Taxpayers should brace themselves to pay for additional 35 legislators starting from 2025 following a Malawi Electoral Commission (MEC) resolution to increase constituencies from the current 193 to 228. In announcing the outcome of the constituency and ward boundary redemarcation exercise at a press conference in Lilongwe yesterday, MEC chairperson Chifundo Kachale said the Northern Region will have 37 constituencies from the current 33, an increase of four.
He said the Central Region will have 20 new constituencies from 73 to 93 while the Southern Region will have 98 constituencies, a jump of 11 from 87.
The expansion, once approved by Parliament, will have a significant economic bearing as each member of Parliament (MP) receives around K2.2 million monthly package, excluding allowances.
During the briefing, Kachale, a judge of the High Court of Malawi, justified the expansion.
He said it was necessitated by geographical features and land size, among other factors, following the consultations the commission conducted nationwide with chiefs, politicians and civil society organisations, among other stakeholders.
Kachale said : “ The commission had to make a final determination on the
number of constituencies per council through a deliberative process which considered the following equally relevant factors: geographical features, ease of communication and administrative authorities.”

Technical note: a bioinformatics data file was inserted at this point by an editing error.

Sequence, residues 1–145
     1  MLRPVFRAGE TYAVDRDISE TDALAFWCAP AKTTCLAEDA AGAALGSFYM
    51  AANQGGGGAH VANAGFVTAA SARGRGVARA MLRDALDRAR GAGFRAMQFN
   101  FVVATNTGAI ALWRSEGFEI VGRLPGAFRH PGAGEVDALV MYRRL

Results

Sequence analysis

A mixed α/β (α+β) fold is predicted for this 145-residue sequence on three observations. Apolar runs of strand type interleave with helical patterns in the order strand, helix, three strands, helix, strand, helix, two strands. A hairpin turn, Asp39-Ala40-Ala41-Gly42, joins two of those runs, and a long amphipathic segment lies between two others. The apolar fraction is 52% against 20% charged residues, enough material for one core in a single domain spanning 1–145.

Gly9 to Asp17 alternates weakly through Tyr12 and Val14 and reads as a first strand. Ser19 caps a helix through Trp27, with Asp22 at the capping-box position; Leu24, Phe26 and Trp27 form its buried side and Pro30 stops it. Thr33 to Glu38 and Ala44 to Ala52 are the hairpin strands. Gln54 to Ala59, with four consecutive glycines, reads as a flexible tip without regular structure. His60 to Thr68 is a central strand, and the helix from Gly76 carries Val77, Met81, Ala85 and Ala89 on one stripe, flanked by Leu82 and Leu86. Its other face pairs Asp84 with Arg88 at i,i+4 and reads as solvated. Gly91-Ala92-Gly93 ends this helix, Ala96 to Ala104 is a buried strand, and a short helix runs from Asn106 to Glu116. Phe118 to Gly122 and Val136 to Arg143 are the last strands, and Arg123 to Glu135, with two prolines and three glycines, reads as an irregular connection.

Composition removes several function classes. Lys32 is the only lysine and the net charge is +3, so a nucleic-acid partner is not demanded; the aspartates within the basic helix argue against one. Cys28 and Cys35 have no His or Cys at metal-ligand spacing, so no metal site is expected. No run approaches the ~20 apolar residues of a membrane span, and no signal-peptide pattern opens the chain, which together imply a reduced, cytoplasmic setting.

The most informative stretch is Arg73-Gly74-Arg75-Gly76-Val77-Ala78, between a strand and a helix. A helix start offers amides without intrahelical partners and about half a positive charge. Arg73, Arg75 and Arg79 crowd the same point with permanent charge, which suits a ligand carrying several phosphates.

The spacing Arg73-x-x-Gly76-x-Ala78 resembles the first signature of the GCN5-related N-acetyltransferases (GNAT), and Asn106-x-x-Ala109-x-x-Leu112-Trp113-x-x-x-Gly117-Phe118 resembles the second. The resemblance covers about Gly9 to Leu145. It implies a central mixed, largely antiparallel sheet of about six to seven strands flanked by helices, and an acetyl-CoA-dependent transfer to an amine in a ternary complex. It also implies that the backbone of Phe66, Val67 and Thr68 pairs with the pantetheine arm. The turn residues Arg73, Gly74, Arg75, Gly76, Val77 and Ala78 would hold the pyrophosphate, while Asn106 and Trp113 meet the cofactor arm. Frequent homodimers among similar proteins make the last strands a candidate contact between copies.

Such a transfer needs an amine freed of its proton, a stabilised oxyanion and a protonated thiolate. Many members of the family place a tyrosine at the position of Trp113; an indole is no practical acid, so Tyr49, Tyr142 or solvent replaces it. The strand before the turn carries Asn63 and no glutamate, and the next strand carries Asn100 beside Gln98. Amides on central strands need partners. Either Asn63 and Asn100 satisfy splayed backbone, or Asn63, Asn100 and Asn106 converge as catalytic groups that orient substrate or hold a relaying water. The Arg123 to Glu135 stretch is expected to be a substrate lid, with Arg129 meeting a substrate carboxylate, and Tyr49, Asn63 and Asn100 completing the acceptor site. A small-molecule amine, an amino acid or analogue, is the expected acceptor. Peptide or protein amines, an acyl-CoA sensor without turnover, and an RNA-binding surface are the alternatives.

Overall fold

Que r i ed on whether MEC considered economic implications of the bloated Parliament, the chairperson said their focus was on the legal side of the review.
But in an interview yesterday, economist Milwad Tobias, who is the executive director of Centre for Research and Consultancy, accused MEC of being insensitive by increasing the number of legislators.
He said: “Redemarcation does not always mean increasing the numbers. In fact, you can reduce the seats or maintain and just change the boundaries. Parliament is a governance institution which provides an oversight role.
“By draining more resources, it would be like Malawians paying more on supervision of a project instead of the project consuming more funds.”
In a separate interview, Blessings Chinsinga, an associate professor in University of Malawi Department of Political and Administrative Studies, also lamented that the cost of managing extra seats will be an extra burden on the country’s economy.
He said: “From what I would call pure textbook democracy, it makes sense because one of the key emphasis in democracy is equality of representation. This has been a challenge because the constituencies vary quite widely in terms of size.
In the review, most of the districts have been allocated additional con s t i tuenci e s . A l l places gazetted as towns have been allocated constituencies, but Karonga is pending as it has not yet been approved as such.
The demarcation will see Lilongwe City having 12 seats, Lilongwe District/Rural 19 whereas Blantyre City will have 10 seats and Blantyre Rural 6.
Kachale said the next course of action is the redrawing of the constituencies.
In 1994, the Malawi Parliament had 177 MPs while a redemarcation exercise increased the number to 193 in 1999